Bear Market

Jim Grant: "This Will Turn Out To Be Very Bad For Many People"

"The stock market is at record highs and the bond market is acting as if this were the Great Depression... the Fed is virtually a hostage of the financial markets. When they sputter, let alone fall, the Fed frets and steps in... the Fed is justified in that belief because it is responsible to a great degree for the elevation of financial asset values... and to me, gold is a very timely way to invest in monetary disorder."

Bulls, Bears & The Broken Clock Syndrome

“Put simply, most apparent “opportunities” to obtain investment returns above zero in conventional assets over the coming decade are based on a misunderstanding of valuations, total returns, and historical yield relationships. At current valuations, virtually everything is priced for a decade of zero. The unwinding of these speculative extremes is likely to be chaotic, and will likely occur over a shorter horizon than investors imagine."

BofA Looks At The "What If" Scenario For Bonds: Find A Surprising Result

One of the big fears among the bond market, where most participants now openly admit there is a "bubble in credit", is that an unwind in global bond yields would lead to substantial losses.  To test this assumption, Bank of America's Ralf Preusser looks at the "what if" scenario, namely what would happen to total returns should government yields fully reverse their 30 year historical evolution. What he finds is surprising.

Global Stocks Drop, US Futures Down As Dollar Rebound Halts Longest Oil Rally In Years

European, Asian stocks and S&P futures all fell in another quiet, low-volume early session. With oil entering a bull market yesterday, and set for its longest run of gains in 4 years after, overnight crude stumbled, and reversed early gains, falling for the first time in seven days driven by rebound in the dollar which gained versus all G-10 currencies with commodity currencies underperforming.

How The East Coast Is Getting Rid Of Its Gasoline Glut

With the East Coast at gasoline stroage capacity, and quietly transporting unwante excess gasoline to other parts of the country, it is no longer accepting inbound cargoes.  The products tanker Torm Gyda will be open for charter Aug. 21 at El Palito, Venezuela, after discharging a cargo that was diverted from N.Y. Harbor.

US Futures Rebound, European Stocks Higher As Oil Rises

The summer doldrums continue with another listless overnight session, not helpd by Japan markets which are closed for holiday, as Asian stocks fell fractionally, while European stocks rebounded as oil trimmed losses after the the IEA said pent-up demand would absorb record crude output (something they have said every single month). S&P futures have wiped out almost all of yesterday's losses and were up over 0.2% in early trading.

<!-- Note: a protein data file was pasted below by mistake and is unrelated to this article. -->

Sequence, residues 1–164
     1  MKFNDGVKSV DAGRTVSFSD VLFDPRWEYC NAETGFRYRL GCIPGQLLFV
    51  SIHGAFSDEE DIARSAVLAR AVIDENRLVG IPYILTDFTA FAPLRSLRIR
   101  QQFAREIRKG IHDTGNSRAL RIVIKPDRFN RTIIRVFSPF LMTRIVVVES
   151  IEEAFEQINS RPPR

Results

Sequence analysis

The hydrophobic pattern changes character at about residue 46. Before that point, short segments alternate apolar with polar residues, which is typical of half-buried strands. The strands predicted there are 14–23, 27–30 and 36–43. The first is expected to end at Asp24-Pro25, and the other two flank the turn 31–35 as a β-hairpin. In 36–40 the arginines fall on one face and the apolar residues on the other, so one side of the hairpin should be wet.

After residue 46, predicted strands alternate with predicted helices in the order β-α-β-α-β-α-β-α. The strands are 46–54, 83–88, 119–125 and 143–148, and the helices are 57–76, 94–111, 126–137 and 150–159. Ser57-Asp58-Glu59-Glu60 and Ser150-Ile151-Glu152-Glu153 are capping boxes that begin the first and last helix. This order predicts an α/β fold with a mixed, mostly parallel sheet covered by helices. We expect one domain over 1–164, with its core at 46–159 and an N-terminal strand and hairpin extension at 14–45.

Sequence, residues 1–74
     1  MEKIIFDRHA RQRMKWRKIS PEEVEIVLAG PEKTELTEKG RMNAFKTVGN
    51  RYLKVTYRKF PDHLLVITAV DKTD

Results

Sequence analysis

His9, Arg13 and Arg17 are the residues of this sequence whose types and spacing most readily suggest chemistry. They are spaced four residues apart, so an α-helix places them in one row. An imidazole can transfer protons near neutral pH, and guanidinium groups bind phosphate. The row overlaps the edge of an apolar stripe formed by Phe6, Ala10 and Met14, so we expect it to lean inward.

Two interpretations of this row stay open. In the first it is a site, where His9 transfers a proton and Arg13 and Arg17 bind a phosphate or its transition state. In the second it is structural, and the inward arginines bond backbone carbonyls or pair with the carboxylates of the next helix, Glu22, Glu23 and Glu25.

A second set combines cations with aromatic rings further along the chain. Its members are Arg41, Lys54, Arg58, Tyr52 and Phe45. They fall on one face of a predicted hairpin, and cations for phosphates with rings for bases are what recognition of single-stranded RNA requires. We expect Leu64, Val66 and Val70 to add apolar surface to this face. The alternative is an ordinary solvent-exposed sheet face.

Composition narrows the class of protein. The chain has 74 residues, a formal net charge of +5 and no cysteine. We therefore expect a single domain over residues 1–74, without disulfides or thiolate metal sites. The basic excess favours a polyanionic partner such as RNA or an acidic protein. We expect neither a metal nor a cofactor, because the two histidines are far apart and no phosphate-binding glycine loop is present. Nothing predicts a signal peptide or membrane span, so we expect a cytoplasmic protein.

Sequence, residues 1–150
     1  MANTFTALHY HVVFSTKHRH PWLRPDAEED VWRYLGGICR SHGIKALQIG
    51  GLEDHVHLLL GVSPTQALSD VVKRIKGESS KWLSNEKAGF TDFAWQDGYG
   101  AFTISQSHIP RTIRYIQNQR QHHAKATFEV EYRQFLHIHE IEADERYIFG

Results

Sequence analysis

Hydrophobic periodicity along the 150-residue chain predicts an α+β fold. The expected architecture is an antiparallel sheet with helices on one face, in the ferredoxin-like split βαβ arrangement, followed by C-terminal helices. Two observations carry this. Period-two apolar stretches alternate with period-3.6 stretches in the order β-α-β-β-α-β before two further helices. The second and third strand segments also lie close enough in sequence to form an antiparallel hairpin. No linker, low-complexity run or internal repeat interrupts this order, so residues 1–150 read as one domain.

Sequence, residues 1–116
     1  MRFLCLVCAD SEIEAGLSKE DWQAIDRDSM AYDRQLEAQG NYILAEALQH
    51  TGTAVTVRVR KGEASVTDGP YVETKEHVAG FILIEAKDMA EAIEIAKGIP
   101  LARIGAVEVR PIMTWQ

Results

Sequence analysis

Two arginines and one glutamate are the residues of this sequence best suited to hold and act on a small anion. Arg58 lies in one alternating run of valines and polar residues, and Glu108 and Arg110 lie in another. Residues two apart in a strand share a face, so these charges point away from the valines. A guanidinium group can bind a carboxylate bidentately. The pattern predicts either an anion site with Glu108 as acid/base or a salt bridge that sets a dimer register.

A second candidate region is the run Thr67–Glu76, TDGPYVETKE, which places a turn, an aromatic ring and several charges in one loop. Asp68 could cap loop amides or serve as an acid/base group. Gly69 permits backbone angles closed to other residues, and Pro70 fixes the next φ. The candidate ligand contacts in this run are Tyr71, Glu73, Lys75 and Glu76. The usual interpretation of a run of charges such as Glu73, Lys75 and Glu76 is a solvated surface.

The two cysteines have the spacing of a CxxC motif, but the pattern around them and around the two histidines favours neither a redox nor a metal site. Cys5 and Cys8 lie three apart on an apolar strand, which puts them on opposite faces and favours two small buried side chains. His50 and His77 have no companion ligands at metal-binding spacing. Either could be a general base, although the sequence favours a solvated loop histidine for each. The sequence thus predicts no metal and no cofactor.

James Grant: Negative Interest Rates Will End... Badly

“Radical monetary policy begets more radical policy... It seems to me, at some point, markets or voters will put a stop to this.” If and when that time comes, Grant notes that investors will be looking for physical stores of wealth, explaining "the case for gold is not as a hedge against monetary disorder, because we have monetary disorder, but rather an investment in monetary disorder."

Oil Spikes On Renewed OPEC Supply Cut Chatter, Just As Hedge Funds Turn Record Short

The key catalyst for today's spike is another convenient report by OPEC, according to which the oil exporting organization will hold informal talks at an energy conference in September. However. the biggest threat to oil's recent price decline is that, like in February, hedge funds are now massively short. In fact, according to Bloomberg, hedge funds have gone all-in on lower oil prices, counting on seasonal weakness to play out again this year. Specifically, money managers increased wagers on declining crude prices to a record as futures dropped to the lowest in more than three months.

Why Oil Under $40 Will Bring It All Down Again: That's Where SWFs Resume Liquidating

If oil were to drop back under $40, not only would it precipitate even more selling of oil as momentum strategies flip, but it would catalyze a liquidation by those SWFs who thought they were done selling equities, leading to a return of the same sellers that pushed the S&P back to the low 1,900s a short 6 months ago. So for all those curious where stocks are going next, the simple answer is: keep an eye on what oil does next.

Why Is High-Yield Energy Debt Decoupling From Oil?

Various analysts believe that the close correlation between the junk bonds and crude oil - which have been together for quite some time - has now decoupled. Is this relationship really over, or is this parting of ways only a temporary separation?